Great Inventions

Great inventions don’t have to be complicated. A new survey by the Massachusetts Institute of Technology asked Americans to name five inventions they could not live without. As expected, the smart phone, personal computer and automobile made the list, but the humble toothbrush emerged the undisputed champ as the most prized innovation.

Photo of toothbrushing

It’s been a long road to the top for the toothbrush. Prior to the toothbrush, people used bones, feathers and frayed twigs to clean their teeth.  The first bristle toothbrush was invented in the 15th century in China and was originally concocted of boar’s hair and bone.  The bristles were sourced from hogs living in Siberia because the colder temperatures provided firmer bristles.   At that time in Europe, people rubbed rags with soot and salt on their teeth to clean them.  For obvious reasons, the bristle toothbrush spread rapidly, brought back from China to Europe by travelers.   Natural animal hair bristles were not an ideal material as they retained bacteria and odors.  With the advent of synthetic nylon fibers and plastics by DuPont in 1938, the modern toothbrush was born.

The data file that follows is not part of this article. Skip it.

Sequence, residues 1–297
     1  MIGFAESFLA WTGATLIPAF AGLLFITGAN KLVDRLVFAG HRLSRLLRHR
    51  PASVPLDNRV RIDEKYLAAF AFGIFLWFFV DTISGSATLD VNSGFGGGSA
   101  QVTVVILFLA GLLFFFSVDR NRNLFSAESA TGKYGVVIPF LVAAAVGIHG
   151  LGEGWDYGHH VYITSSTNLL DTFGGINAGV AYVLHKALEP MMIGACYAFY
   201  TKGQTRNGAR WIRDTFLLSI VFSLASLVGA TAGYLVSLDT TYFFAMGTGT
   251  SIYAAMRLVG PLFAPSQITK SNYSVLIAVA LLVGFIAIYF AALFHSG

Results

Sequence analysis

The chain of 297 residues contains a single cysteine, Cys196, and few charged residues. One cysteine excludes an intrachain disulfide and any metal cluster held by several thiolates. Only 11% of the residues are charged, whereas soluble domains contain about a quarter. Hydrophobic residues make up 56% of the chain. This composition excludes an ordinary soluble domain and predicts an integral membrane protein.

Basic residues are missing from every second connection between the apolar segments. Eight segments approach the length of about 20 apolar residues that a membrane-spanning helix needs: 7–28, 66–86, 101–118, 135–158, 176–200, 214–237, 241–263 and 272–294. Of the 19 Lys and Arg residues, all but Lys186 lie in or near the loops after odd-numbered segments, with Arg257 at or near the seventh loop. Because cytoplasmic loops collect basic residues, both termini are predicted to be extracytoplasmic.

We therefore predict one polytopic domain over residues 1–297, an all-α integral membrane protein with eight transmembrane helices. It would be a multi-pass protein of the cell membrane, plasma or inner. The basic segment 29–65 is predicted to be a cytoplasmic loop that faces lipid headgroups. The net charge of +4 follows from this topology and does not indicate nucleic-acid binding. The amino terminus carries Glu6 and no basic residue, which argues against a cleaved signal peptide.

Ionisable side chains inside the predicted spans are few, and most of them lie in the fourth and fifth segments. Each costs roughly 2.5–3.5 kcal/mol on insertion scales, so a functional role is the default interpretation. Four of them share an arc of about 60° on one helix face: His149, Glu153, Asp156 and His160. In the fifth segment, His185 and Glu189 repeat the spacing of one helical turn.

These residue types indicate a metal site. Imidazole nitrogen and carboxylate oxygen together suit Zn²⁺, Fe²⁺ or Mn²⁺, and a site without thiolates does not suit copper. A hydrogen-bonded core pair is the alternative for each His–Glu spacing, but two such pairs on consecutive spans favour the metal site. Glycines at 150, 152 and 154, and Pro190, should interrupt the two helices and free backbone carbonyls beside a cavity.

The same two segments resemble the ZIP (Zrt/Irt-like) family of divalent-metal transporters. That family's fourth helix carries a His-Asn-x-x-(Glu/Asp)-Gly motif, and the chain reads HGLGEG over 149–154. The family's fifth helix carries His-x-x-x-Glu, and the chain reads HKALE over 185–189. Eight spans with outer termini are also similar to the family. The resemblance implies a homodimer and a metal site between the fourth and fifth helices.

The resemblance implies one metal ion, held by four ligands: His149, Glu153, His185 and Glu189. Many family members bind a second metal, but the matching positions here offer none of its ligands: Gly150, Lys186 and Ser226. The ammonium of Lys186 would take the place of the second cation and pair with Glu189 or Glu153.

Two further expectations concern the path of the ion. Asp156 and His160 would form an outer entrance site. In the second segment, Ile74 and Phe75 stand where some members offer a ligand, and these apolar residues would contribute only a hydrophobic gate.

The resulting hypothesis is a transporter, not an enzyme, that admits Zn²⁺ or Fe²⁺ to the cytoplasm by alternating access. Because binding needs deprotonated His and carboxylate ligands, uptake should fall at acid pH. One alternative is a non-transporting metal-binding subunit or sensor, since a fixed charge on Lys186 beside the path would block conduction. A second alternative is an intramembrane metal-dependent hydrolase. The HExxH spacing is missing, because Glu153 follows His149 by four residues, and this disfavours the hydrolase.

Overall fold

Nylon allowed toothbrushes to finally become comfortable, sanitary and affordable.  So that must be when the majority of Americans adopted brushing their teeth as part of a daily regimen of personal hygiene, right?   Hard as it may be to believe, even then most Americans still didn’t brush regularly.  That only happened after World War II, when GI’s brought home the Armed Forces enforced habit of daily brushing!

My grandfather was a dentist in Michigan prior to World War II. One of the stories he shared with me as a youngster was about a gift that newlyweds used to give each other back in this era.  To avoid the inevitable decades of pain and suffering caused by dental disease, it was commonplace to give the “gift” of dentures as a wedding present.

photo of dentures

So, the next time you idolize your smart phone for how great it makes your life, smile in the mirror (or better yet, take a selfie) and thank your lowly toothbrush for what you see.

Robert Stroope, DDS